The Parisian fantasy is typically rife with shots of famous landmarks in the City of Lights, and Midnight in Paris gets that out of the way immediately. He has an even dreamier concept of escaping the everyday in mind. His surrogate is Gil Pender (Owen Wilson), a Hollywood screenwriter with plans to do something more substantial. He travels to Paris with his wife-to-be (Rachel McAdams) and, while on a midnight stroll, finds himself transported to the 1920s, surrounded by some of his favorite artists. This is an inspired comedy that manages to cull some truth from its time-travel gimmick. My review is here. Available on DVD and Blu-ray.
The start of the 2008 financial crisis is seen from the inside in Margin Call. After a string of layoffs, a stock trader (Zachary Quinto) discovers that his firm’s already precarious bubble is about to burst, sending the executives into an overnight panic. Kevin Spacey, Paul Bettany, Demi Moore, Simon Baker, and Jeremy Irons plays some of those higher-ups, all coming to realize that there’s blood in the water, while Quinto’s character is the only one to wonder if they might be the sharks. It’s a smartly written drama with finely tuned characters. Available on DVD and Blu-ray.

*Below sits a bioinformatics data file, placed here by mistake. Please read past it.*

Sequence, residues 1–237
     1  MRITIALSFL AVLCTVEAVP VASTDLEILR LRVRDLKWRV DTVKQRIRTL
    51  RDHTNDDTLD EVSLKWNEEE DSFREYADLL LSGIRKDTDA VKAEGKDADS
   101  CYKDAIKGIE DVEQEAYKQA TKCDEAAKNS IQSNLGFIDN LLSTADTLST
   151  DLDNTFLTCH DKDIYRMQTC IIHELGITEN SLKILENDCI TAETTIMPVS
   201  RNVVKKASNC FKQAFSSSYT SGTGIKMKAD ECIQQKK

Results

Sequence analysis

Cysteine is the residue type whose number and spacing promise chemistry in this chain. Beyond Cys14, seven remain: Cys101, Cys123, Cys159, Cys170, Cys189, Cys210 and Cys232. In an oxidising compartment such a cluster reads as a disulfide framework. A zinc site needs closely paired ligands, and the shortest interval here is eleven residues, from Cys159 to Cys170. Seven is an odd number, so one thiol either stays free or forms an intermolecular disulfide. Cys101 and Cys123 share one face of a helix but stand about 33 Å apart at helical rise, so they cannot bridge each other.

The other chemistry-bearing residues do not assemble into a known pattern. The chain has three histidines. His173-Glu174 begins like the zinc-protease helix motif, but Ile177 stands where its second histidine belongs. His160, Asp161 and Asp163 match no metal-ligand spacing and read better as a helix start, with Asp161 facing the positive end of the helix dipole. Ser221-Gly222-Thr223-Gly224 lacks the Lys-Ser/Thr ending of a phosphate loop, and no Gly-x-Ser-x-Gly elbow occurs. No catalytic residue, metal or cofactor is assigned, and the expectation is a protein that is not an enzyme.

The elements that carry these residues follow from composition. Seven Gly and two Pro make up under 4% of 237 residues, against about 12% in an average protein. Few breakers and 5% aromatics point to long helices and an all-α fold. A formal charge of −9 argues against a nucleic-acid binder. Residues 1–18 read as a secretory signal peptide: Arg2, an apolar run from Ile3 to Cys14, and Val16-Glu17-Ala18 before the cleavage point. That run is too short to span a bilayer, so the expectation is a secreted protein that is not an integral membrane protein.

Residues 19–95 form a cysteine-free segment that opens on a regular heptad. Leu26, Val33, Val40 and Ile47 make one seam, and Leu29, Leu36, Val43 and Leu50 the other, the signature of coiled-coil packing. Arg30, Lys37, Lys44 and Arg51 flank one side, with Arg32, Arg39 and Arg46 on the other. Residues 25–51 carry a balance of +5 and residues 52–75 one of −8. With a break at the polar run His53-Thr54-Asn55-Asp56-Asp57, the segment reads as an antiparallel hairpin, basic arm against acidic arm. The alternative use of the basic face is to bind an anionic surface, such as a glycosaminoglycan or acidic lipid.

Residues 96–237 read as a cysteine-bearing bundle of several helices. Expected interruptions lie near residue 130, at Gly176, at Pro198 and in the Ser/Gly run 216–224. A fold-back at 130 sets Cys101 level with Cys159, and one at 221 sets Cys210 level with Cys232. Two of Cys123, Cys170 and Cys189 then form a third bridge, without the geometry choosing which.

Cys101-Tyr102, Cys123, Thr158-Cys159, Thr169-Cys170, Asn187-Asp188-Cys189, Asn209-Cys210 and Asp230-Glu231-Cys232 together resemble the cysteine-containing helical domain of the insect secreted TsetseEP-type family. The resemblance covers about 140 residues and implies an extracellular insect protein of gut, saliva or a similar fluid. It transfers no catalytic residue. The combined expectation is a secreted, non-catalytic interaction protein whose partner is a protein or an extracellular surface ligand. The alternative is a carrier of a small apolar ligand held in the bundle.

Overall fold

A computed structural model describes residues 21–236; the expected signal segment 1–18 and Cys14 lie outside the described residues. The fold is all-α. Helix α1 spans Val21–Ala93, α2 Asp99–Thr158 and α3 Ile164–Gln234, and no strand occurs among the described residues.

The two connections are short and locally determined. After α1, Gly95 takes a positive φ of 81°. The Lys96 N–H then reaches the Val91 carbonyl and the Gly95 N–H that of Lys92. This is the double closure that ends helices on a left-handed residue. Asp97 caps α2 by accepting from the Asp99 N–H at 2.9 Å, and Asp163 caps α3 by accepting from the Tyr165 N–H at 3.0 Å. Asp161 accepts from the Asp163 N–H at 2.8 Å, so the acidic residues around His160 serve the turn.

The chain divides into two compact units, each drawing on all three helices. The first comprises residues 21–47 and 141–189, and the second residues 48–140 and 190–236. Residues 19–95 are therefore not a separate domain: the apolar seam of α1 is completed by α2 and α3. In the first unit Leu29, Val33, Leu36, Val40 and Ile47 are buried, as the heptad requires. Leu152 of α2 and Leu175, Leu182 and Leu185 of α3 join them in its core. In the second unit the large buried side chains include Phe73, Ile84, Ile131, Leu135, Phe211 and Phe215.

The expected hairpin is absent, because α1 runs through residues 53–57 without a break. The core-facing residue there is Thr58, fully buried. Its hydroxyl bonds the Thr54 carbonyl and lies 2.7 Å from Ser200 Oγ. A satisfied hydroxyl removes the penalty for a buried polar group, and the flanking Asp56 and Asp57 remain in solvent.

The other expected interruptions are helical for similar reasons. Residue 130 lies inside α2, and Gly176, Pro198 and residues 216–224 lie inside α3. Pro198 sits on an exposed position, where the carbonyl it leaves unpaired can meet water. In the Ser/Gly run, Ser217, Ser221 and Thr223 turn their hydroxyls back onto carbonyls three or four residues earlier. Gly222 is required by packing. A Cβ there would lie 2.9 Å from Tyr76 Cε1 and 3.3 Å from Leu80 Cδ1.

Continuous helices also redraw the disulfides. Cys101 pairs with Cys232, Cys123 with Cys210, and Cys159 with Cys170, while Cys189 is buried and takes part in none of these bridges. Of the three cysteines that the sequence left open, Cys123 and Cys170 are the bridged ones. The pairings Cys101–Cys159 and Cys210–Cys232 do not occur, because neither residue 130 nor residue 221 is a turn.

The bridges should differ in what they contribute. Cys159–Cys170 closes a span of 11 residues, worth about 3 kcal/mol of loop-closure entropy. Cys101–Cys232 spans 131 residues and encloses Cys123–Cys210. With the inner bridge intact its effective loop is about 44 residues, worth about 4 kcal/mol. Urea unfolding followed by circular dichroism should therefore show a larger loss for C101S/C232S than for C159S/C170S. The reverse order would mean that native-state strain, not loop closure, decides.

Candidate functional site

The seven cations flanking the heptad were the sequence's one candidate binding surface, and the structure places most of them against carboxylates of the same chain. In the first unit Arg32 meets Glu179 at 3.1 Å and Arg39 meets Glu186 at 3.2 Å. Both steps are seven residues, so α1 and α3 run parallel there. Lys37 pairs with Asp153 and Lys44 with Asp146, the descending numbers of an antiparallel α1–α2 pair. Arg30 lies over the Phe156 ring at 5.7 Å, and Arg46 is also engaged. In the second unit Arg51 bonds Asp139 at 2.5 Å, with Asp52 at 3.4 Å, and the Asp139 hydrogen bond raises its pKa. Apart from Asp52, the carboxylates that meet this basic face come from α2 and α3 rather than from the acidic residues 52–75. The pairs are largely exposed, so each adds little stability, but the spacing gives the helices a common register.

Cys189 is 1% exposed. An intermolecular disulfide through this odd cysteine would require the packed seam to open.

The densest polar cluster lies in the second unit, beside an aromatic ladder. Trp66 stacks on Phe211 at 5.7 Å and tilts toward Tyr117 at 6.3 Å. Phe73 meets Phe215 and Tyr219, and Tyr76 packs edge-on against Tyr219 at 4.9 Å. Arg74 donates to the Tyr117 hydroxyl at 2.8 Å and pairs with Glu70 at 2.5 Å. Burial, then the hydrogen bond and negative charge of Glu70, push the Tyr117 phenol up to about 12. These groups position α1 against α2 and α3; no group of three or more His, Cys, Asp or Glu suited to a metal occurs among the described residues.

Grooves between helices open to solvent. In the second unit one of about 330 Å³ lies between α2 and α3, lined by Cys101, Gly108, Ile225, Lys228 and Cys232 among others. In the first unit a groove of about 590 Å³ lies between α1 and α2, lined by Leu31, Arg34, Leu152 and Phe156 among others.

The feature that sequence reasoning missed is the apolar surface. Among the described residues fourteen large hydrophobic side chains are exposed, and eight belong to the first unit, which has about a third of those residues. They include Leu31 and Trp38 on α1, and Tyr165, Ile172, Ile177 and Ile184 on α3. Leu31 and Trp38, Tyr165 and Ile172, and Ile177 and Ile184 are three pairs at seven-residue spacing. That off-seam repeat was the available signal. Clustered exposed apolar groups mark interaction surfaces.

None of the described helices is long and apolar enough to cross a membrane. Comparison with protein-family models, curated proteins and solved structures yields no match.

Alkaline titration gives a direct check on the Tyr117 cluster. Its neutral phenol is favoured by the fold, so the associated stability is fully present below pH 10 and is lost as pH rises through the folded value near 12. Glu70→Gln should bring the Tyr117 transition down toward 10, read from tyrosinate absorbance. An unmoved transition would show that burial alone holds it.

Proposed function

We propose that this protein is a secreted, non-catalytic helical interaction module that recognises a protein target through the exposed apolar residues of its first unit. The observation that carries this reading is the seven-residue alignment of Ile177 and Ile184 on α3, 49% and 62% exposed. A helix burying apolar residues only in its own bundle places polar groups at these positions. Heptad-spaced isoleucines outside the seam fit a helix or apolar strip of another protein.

Two brothers take to the MMA ring to work out their issues within themselves and with each other in Warrior, a movie that has all the archetypes down but can’t follow through when it comes time to do something with them. Joel Edgerton and Tom Hardy play the brothers–one a high school science teacher with financial woes and the other an enigma. Nick Nolte personifies the family’s wounded heart as the patriarch, struggling to stay on the wagon as he realizes no one wants anything to do with him–drunk or sober. Some good fights follow, because the emotions are apparently too messy. My review is here. Available on DVD and Blu-ray.
A remake of Sam Peckinpah’s controversial 1971 movie, Rod Lurie’s version of Straw Dogs is a more literal take on the material–probably the last thing needed for this story of a mild-mannered, principled man pushed so many times that he erupts into violence. David Sumner (James Marsden) and his new wife Amy (Kate Bosworth) return to her family home in the South, where the locals are bullies and love hunting and pray that the high school football team will win. No matter what one’s opinion of the original might be, the remake should certainly make one appreciate it more. My review is here. Available on DVD and Blu-ray.